Golden Earring (A Flashback)
There were many a time I could have easily given my Mother stroke when I was a youngster. It’s bad enough that I lied to beloved nuns about her giving birth to a phantom baby that kept us up all night or that I ran amok half naked all over the neighborhood (and by neighborhood I mean our sprawling front and back yard, maybe through the wooded path) but the day I got my ears pierced was what you might call a humdinger.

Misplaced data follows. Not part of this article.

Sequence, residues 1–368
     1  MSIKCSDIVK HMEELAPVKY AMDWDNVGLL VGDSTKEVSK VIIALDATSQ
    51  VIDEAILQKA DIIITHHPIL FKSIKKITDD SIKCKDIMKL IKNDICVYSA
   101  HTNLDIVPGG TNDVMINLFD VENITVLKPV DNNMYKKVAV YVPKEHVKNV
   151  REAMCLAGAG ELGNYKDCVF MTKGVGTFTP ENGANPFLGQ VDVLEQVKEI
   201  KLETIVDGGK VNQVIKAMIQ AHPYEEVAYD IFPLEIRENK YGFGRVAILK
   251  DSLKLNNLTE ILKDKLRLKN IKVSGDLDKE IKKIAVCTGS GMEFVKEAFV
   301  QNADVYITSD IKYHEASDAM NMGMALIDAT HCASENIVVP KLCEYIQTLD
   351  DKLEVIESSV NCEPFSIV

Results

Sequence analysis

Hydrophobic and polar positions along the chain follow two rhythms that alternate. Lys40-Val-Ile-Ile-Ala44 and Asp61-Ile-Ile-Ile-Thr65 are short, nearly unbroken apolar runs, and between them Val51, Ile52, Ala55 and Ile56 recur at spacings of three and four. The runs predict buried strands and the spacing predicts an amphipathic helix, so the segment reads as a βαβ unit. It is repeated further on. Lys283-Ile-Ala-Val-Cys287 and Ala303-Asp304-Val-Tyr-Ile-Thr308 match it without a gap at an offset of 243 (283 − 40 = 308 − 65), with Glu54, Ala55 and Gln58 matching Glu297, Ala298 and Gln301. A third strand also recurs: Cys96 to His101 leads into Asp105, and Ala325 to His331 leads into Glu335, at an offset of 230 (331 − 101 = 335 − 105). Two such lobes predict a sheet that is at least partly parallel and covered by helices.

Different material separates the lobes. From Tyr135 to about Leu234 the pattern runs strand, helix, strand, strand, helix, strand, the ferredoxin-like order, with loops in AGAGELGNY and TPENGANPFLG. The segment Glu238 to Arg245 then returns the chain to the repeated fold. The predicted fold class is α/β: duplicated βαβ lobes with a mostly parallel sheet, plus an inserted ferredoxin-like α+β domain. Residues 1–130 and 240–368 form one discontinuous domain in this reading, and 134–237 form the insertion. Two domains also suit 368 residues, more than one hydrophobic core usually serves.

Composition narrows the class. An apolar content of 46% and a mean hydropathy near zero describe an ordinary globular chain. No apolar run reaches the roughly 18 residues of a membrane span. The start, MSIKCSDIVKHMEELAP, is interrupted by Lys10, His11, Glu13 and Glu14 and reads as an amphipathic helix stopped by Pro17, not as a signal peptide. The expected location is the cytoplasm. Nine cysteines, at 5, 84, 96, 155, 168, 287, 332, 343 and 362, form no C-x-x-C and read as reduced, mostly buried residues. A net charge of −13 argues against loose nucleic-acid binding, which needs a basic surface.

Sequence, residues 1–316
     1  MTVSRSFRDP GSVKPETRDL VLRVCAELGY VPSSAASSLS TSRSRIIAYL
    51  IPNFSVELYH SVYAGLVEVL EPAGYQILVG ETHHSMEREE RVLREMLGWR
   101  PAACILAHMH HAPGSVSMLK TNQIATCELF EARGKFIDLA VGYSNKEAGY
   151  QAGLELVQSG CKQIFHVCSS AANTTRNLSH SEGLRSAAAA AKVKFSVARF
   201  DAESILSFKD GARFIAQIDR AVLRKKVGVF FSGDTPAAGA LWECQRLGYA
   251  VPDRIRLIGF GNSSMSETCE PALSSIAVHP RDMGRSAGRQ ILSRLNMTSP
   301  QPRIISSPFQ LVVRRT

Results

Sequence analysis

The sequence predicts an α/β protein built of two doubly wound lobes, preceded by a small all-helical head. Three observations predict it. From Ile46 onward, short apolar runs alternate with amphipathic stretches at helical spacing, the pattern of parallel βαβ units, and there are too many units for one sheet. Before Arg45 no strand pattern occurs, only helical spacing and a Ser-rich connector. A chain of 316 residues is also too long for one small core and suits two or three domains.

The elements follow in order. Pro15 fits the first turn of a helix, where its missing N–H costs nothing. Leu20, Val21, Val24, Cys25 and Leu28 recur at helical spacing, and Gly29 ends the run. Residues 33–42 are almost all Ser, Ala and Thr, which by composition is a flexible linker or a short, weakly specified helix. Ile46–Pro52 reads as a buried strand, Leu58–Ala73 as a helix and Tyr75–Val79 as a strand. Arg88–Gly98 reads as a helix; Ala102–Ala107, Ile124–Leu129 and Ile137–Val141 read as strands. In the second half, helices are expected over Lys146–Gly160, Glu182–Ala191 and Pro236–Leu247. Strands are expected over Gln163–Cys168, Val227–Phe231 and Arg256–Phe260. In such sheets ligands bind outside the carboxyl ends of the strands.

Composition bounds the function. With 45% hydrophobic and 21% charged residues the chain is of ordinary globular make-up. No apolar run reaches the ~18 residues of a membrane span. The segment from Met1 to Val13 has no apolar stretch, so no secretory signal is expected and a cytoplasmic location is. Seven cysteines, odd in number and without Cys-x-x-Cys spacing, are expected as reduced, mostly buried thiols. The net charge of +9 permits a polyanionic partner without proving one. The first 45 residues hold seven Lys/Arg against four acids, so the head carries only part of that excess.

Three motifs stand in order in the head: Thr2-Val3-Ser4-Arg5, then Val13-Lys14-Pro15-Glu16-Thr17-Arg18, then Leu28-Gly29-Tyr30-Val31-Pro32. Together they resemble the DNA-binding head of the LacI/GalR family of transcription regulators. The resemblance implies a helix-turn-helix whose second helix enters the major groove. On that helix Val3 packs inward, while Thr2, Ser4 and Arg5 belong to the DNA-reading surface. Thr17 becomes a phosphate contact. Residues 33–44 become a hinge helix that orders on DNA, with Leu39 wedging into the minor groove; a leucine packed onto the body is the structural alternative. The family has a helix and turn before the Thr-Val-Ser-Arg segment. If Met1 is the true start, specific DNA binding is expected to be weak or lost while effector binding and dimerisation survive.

It was one of those glorious sunny summer days where me and my Mother piled into the car with First Niece buckled safely in the backseat and First Sister ‘n’ Law, otherwise known as Lead Foot, at the rudder. First Sister ‘n’ Law’s driving style = bat out of hell. My poor Mother, who has never developed a stomach for rapidity, always held on for dear life, her own feet practically pushing right through the floor. It may as well have been a Flintstone car! We four were out and about doing the traditional weekly errands – groceries at the Capitol on Portland Street (which always meant a new Archie comic for yours truly), Pop Shoppe refills in behind Penhorn Mall (which was always a coo because I got to pick out the flavors once my Mother’s colas were acquired and secured in the take-home crate), a quick lunch (probably at the Wooclo lunch counter with an orange Jell-O and a dollop of whipped cream for dessert), and then we hauled ass to Cole Harbour. First Niece had an appointment to get her ears pierced. Something her little heart begged for until Bookend Brother and First Sister ‘n’ Law grew tired of her nagging and relented.